When he was just sixteen, Lonnie McFadden came to a fork in the road.
McFadden had the eye of baseball scouts thanks to a lively sinker and a split-finger curve. “I could make the ball dance,” he says. “I didn’t have the fastest ball, but I could throw it at your head and it would go over the plate.”
But McFadden also knew the entertainment trade thanks to his father, a prominent jazz tap dancer. “My brother and I were his only two students,” McFadden says. “We tap-danced, we did some comedy, and we did something I’d loosely describe as singing.”
After gigs at the old Muehlebach Hotel and Top of the Tower, McFadden was recommended to the band-leader of a popular seventies soul-funk band, Clyde N’em & Her.
“They got into a situation where they needed a trumpet player,” McFadden says. “I don’t know how my name got thrown in the pool, but Clyde called me and wanted to audition me. I quit high school and went on the road with them. I realized that I was going to have to choose between baseball and music, and I think I made the right choice.”
Indeed, McFadden is among the city’s most respected entertainers—a singer, dancer and trumpet player who’s been booked all over the world.
Now, for the first time, McFadden has his own place, Lonnie’s Reno Club, a speakeasy-style jazz spot in the basement of the Ambassador Hotel, managed by heavyweight hotelier Paul Coury.
“Paul took me downstairs to this meeting room that they had not been using much and said, ‘I’m thinking about opening a speak-easy-style nightclub down here, can you see it?’” McFadden says. “I’d been hearing about the speakeasies of the Pendergast era my whole life because my dad was a part of that scene. The whole time I’m thinking he’s just picking my brain. When I finished talking he says, ‘I love it, I’m going to do it, and I’m going to name it after you.’ And that’s exactly what happened.”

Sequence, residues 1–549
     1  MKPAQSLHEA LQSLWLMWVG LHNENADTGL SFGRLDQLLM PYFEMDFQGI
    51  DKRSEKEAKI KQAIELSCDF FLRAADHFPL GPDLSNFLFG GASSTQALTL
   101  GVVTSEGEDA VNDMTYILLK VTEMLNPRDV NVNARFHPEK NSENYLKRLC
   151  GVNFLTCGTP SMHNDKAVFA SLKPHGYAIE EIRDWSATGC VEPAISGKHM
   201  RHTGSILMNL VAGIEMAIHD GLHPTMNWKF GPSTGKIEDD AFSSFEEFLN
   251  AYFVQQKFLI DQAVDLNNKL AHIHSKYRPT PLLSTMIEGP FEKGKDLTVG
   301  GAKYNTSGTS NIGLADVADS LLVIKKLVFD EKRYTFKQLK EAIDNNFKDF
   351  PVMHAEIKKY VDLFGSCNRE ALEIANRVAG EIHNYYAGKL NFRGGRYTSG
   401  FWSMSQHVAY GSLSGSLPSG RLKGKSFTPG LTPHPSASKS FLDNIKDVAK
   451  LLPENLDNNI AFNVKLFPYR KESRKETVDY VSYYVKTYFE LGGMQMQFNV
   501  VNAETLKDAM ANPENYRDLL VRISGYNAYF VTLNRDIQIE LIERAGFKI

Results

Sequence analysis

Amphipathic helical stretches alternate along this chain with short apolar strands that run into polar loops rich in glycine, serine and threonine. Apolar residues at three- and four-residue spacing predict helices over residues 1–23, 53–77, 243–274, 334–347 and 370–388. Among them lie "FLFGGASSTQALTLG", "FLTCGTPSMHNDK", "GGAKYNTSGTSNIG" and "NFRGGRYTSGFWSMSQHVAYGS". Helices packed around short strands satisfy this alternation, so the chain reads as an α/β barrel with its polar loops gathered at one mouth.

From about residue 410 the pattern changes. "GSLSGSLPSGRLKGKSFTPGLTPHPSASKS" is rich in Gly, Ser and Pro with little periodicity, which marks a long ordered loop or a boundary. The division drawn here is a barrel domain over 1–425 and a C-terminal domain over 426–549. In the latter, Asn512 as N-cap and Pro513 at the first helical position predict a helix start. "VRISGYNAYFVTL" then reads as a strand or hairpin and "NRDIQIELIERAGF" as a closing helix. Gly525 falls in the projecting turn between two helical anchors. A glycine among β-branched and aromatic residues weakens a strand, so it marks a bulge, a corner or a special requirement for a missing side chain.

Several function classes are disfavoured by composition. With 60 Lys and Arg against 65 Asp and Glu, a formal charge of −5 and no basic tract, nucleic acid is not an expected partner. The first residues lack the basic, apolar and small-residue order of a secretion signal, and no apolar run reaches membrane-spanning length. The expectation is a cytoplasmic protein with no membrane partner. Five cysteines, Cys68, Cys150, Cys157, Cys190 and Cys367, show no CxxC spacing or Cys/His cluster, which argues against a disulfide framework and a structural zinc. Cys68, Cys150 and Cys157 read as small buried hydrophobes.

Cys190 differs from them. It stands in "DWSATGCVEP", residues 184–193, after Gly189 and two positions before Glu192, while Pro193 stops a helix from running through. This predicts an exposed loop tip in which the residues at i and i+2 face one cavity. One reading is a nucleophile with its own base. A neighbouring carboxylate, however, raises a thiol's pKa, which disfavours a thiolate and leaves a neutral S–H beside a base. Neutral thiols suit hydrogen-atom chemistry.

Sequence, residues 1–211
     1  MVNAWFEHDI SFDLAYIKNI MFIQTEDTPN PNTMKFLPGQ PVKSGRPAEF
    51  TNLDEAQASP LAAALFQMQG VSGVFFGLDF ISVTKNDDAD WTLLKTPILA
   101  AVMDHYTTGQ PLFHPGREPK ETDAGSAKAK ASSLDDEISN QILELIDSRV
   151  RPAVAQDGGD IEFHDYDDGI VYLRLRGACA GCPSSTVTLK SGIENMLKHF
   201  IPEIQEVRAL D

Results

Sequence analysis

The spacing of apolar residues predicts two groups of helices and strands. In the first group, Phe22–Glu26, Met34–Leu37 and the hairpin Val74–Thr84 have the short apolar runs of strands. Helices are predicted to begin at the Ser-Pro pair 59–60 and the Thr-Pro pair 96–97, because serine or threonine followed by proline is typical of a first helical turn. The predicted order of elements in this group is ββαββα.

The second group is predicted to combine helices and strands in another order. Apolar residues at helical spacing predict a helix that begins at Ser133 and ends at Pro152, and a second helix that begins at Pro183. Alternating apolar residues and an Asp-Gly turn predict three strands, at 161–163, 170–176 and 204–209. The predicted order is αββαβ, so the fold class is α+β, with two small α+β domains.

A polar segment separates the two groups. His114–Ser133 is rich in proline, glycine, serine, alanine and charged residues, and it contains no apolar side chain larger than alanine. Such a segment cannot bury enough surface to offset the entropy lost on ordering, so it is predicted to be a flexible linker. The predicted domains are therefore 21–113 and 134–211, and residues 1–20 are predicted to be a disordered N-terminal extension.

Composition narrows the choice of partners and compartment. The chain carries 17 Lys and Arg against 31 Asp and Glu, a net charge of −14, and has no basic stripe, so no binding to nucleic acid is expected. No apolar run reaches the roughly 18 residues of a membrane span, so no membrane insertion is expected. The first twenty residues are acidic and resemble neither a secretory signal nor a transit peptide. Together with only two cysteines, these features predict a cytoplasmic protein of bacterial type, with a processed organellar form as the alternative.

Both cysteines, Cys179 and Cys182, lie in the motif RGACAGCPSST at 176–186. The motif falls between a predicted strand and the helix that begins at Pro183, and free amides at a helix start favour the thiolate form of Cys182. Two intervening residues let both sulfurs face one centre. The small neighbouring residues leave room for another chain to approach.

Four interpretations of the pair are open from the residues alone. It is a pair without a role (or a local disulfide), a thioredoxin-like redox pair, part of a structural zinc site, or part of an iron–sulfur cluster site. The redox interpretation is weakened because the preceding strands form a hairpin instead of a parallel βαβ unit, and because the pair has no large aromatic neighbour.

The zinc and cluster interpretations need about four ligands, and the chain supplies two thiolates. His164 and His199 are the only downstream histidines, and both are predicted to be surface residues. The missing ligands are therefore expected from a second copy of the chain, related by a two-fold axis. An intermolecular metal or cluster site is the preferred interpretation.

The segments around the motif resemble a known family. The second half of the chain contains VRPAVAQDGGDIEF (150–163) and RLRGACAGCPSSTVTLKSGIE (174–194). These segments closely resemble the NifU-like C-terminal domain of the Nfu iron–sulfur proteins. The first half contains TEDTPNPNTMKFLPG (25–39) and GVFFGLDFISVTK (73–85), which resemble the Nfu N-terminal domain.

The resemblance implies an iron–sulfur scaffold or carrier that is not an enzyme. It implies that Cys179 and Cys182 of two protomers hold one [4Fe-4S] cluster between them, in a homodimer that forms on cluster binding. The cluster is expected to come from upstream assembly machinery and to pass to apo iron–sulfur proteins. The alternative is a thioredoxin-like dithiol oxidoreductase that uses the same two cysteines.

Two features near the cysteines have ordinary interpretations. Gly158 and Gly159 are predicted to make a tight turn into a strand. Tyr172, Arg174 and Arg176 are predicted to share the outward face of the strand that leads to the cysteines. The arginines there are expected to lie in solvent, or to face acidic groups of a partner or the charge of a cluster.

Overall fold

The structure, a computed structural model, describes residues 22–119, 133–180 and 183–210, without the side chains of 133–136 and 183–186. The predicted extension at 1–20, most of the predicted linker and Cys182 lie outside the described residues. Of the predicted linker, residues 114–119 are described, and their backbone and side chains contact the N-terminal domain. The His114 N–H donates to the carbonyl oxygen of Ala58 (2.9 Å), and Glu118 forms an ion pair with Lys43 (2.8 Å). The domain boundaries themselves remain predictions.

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The Reno Club Name
The legendary Reno Club was just four blocks away. “I started thinking about all the people who had made the original Reno Club what it was: Hot Lips Page, Mary Lou Williams and Count Basie, of course. That’s where Basie got his nickname. The announcer had always just said ‘William Basie and his band’—this night, for whatever reason, he said ‘Ladies and gentlemen, live from Kansas City, Count Basie.’”
A Photo of the Three Chocolate Drops
McFadden’s father performed at the old Reno Club with his jazz tap group, the Three Chocolate Drops (originally the Four Chocolate Drops—until one dropped). A photo of the group hangs at the entrance, across from a photo of Louis Armstrong. “They’re in white tails and top hats. My father is the guy in the center.”
“Every place I’ve played in Kansas City for the last fifteen years, I’ve had to carry a little piece of wood around with me to tap dance. Here at Lonnie’s Reno Club, all the little details were made for me. The first four feet of the stage at the Reno Club are wood. That’s intentional and that’s for me to tap dance—it’s the only club in Kansas City where I can tap dance.”